For example, if $k=\mathbb{Q}_p$ and $p\geq 3$. This assumption ensures that for any $n\geq 1$, the open subgroup of $\mathcal{O}_k^\times$ of index $(q-1)q^{n-1}$ is unique.

First we choose any relative Lubin-Tate formal group $\mathcal{F}_\xi$ relative to $k'/k$ of parameter $\xi$, where $\xi\in\mathcal{O}_k$ with $\mathrm{ord}_{\mathfrak{p}}(\xi)=d$. Then $k^{\mathrm{ab}}=k^{\mathrm{unr}}(\mathcal{F}_\xi[\mathfrak{p}^\infty])$ with Lubin-Tate character $\chi:k^{\mathrm{ab}}/k^{\mathrm{unr}}\to\mathcal{O}_k^\times$ which is an isomorphism.

For any $n\geq 1$, the fields $k^{\mathrm{unr}}/k'$ and $k_n'/k'$ are linear disjoint over $k'$, since one is unramified and another one is totally ramified. Note that $k^{\mathrm{unr}}k_n'$ is a subextension of $k^{\mathrm{ab}}/k^{\mathrm{unr}}$ of degree $(q-1)q^{n-1}$, this forces that $k^{\mathrm{unr}}k_n'=k^{\mathrm{unr}}(\mathcal{F}_\xi[\mathfrak{p}^n])$ and the natural restriction map $\mathrm{Gal}(k^{\mathrm{unr}}(\mathcal{F}_\xi[\mathfrak{p}^n])/k^{\mathrm{unr}})\to\mathrm{Gal}(k_n'/k')$ is an isomorphism. Therefore $k^{\mathrm{unr}}k_\infty'=k^{\mathrm{ab}}$ and the natural map $$\mathrm{Gal}(k^{\mathrm{ab}}/k^{\mathrm{unr}}) \hookrightarrow\mathrm{Gal}(k^{\mathrm{ab}}/k') \twoheadrightarrow\mathrm{Gal}(k_\infty'/k')\qquad(*)$$ is an isomorphism.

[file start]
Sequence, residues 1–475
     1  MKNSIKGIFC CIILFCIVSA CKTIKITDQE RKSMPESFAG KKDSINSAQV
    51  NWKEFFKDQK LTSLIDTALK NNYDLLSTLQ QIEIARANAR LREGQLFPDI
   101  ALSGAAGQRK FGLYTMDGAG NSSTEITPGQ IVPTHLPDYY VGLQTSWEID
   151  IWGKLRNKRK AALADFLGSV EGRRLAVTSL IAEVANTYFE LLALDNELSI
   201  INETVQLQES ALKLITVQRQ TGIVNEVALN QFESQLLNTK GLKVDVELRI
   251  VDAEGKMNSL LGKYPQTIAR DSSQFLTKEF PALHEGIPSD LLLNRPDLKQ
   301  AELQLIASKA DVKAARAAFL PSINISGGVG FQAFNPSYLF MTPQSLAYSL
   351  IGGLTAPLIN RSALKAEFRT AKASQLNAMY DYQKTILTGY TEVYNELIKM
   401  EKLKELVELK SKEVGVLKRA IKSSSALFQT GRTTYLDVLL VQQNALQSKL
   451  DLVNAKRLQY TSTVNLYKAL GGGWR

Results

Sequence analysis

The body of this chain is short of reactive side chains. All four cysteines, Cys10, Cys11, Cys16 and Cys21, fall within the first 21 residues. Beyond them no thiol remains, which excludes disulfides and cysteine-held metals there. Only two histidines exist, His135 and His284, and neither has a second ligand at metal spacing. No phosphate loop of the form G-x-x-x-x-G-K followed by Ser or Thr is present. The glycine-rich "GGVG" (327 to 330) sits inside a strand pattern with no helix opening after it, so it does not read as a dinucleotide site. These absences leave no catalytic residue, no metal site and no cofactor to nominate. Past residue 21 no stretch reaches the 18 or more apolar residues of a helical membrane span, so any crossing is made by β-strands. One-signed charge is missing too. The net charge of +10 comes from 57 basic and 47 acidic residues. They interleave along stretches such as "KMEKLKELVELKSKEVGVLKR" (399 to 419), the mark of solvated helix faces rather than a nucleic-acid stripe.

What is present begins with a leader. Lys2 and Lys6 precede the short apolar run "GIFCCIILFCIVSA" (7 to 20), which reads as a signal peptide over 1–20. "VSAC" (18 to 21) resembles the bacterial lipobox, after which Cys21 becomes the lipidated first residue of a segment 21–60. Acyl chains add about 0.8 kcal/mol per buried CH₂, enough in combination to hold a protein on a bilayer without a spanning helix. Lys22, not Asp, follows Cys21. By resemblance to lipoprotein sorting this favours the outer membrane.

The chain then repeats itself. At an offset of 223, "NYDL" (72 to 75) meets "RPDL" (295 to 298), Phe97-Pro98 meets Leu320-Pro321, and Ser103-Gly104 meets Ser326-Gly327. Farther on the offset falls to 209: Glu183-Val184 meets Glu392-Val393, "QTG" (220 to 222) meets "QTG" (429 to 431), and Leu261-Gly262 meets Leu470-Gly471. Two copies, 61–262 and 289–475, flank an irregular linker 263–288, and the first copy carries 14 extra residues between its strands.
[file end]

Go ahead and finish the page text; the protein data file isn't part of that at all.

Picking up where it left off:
The local class field theory assert the following diagram commutes (, Chapter I, Proposition 1.8) $$\begin{matrix} \mathcal{O}_k^\times & \hookrightarrow & k^\times \\ \chi^{-1}\uparrow\cong~~ & & ~~~\downarrow\mathrm{Art} \\ \mathrm{Gal}(k^{\mathrm{ab}}/k^{\mathrm{unr}}) & \hookrightarrow & \mathrm{Gal}(k^{\mathrm{ab}}/k) \end{matrix}$$ Note that $\mathrm{ord}_\mathfrak{p}(\xi)=d$, so $\mathrm{Art}(\xi)$ is in fact contained in $\mathrm{Gal}(k^{\mathrm{ab}}/k')$. Hence we can define $\alpha$ to be the image of $\mathrm{Art}(\xi)$ under the composition map $$\mathrm{Gal}(k^{\mathrm{ab}}/k')\twoheadrightarrow \mathrm{Gal}(k_\infty'/k')\xrightarrow{(*)^{-1}} \mathrm{Gal}(k^{\mathrm{ab}}/k^{\mathrm{unr}})\xrightarrow[\cong]{\chi^{-1}} \mathcal{O}_k^\times\hookrightarrow k^\times,$$ and if we define $\varpi:=\xi\alpha^{-1}$ then we have $\varpi\in\ker(k^\times\xrightarrow{\mathrm{Art}}\mathrm{Gal}(k^{\mathrm{ab}}/k)\twoheadrightarrow \mathrm{Gal}(k_\infty'/k))$.

We claim that a relative Lubin-Tate formal group $\mathcal{F}_\varpi$ relative to $k'/k$ of parameter $\varpi$ is what we want to find. In fact, by , page 11, paragraph 3, for any $n\geq 1$, the kernel of $k^\times\to\mathrm{Gal}(k'(\mathcal{F}_\varpi[\mathfrak{p}^n])/k)$ equals $\langle\varpi\rangle\cdot(1+\mathfrak{p}^n)$, hence the kernel of $k^\times\to\mathrm{Gal}(k'(\mathcal{F}_\varpi[\mathfrak{p}^\infty])/k)$ equals $\langle\varpi\rangle$. This forces that $k_\infty'=k'(\mathcal{F}_\varpi[\mathfrak{p}^\infty])$, and by the uniqueness of the open subgroup of $\mathcal{O}_k^\times$ of given index, we must have $k_n'=k'(\mathcal{F}_\varpi[\mathfrak{p}^n])$.

# References

 E. de Shalit. Iwasawa Theory of Elliptic Curves with Complex Multiplication. Academic Press, 1987.

I still want to know a proof which doesn't need the assumption.